Space Settlements

spreading life throughout the solar system

"I want Americans to ... push out into the solar system not just to visit, but to stay." Barack Obama, U.S. President, in the 2015 State of the Union address to Congress.

A billion years ago there was no life on land. In a phenomenal development, by 400 million years ago land life was well established. We are at the very beginning of a similar, perhaps even more important, development. Today Earth teems with life, but as far as we know, in the vast reaches of space there are only a handful of astronauts, a few plants and animals, and some bacteria and fungi; mostly on the International Space Station. We can change that. In the 1970's Princeton physicist Gerard O'Neill, with the help of NASA Ames Research Center and Stanford University, discovered that we can build gigantic spaceships, big enough to live in. These free-space settlements could be wonderful places to live; about the size of a California beach town and endowed with weightless recreation, fantastic views, freedom, elbow-room in spades, and great wealth. Subsequent discoveries have brought this dream much closer. In time, we may see millions of free-space settlements in our solar system alone. Building them, particularly the first one, is a monumental challenge. If this sounds exciting, read on.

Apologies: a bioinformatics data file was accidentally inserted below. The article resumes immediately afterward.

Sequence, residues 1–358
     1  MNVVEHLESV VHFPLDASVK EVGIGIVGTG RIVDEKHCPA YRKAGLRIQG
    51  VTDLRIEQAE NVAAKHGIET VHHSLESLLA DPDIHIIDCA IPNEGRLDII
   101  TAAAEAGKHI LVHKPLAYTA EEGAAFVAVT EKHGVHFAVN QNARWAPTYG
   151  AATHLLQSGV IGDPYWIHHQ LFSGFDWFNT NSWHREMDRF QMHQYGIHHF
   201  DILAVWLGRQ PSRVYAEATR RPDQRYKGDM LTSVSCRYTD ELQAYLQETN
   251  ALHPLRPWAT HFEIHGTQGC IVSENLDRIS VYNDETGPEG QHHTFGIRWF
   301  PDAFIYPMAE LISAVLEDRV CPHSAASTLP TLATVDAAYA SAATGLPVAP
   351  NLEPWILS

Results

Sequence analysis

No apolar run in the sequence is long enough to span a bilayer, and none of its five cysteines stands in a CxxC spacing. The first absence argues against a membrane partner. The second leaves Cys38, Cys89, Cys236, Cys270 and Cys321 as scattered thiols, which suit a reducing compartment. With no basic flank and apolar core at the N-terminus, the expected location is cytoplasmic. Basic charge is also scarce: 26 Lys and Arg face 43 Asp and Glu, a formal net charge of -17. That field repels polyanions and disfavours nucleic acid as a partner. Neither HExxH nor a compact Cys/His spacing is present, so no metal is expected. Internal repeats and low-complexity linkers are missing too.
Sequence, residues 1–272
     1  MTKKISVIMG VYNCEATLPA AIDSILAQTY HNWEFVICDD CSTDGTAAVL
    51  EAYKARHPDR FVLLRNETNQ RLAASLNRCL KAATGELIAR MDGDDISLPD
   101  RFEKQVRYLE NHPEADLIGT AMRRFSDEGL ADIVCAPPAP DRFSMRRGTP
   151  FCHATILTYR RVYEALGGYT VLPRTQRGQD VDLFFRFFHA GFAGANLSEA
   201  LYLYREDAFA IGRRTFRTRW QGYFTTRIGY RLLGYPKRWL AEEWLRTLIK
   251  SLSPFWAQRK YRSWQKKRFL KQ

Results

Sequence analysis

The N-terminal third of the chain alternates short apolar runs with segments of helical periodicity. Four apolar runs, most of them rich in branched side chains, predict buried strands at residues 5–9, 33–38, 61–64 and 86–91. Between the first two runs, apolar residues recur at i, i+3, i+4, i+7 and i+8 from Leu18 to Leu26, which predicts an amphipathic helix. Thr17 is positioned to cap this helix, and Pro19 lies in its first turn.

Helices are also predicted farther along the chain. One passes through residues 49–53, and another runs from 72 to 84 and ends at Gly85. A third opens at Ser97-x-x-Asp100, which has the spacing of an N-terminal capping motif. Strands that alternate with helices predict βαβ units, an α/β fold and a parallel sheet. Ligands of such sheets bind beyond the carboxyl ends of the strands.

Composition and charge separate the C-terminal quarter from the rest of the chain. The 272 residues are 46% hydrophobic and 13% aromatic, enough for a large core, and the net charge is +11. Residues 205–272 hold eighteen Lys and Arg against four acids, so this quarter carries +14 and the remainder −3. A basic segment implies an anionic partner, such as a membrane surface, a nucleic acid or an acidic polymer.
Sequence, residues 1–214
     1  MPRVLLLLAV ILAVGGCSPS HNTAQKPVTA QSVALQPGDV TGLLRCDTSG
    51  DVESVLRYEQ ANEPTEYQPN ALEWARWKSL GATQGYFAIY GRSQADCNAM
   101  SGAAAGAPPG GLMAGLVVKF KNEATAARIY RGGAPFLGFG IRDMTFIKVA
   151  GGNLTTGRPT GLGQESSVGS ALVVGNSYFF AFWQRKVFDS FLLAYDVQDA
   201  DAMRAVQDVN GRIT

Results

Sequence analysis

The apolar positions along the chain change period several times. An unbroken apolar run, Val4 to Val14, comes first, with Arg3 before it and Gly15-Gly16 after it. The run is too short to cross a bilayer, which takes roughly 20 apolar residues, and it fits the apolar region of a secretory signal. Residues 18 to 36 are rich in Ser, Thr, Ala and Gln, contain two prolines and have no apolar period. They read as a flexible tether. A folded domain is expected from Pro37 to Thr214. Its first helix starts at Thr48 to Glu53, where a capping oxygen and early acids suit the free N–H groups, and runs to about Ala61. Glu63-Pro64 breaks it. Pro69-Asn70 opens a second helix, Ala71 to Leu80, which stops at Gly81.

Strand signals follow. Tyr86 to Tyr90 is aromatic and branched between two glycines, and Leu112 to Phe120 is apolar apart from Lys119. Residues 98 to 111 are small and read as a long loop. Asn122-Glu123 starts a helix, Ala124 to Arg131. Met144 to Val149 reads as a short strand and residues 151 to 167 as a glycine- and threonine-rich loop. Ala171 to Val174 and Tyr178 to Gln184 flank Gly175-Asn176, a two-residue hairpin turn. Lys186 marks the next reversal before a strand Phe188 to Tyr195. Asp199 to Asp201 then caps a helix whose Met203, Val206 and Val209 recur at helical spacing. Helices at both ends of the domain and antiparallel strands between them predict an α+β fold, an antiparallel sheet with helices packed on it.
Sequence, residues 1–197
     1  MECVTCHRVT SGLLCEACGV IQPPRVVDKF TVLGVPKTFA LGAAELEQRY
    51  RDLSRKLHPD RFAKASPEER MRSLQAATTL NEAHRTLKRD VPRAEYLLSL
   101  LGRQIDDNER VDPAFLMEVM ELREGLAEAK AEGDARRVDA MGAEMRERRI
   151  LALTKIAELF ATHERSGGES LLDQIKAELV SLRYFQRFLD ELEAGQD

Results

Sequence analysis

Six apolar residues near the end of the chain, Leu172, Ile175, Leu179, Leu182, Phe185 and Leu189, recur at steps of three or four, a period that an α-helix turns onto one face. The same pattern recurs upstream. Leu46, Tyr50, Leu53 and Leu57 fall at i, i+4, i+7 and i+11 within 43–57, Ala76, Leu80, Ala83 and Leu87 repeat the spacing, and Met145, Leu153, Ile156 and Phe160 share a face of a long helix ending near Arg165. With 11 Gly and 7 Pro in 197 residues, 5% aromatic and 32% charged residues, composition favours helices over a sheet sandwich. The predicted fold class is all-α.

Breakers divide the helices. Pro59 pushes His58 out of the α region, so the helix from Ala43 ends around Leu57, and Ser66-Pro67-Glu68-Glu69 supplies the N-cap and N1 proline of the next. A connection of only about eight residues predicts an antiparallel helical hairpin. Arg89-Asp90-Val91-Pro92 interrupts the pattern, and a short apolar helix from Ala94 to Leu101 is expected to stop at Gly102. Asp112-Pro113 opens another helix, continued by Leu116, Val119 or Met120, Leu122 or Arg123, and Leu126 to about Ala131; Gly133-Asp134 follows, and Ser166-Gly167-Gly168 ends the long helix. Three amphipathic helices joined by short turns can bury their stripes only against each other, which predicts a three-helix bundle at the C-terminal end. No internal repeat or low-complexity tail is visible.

National Space Society Space Settlement Contest

This annual space settlement design contest for 6-12th grade students has been sponsored by NASA Ames Research Center from 1994-2018, for the last several years in conjunction with the National Space Society (NSS). A Space Act Agreement between NASA and NSS is currently being worked on to continue joint sponsorship of the contest. Meanwhile, the 2019 contest is being sponsored by NSS.

Online Space Settlement Books


Other Space Settlement Web Sites


Parting Words

Arthur C. Clarke once wrote that new ideas pass through three periods:


Curator: Al Globus
If you find any errors on this page contact Al Globus.
Space Settlement hompage

This site was hosted by the NASA Ames Research Center from 1994-2018 and is now hosted by:

National Space Society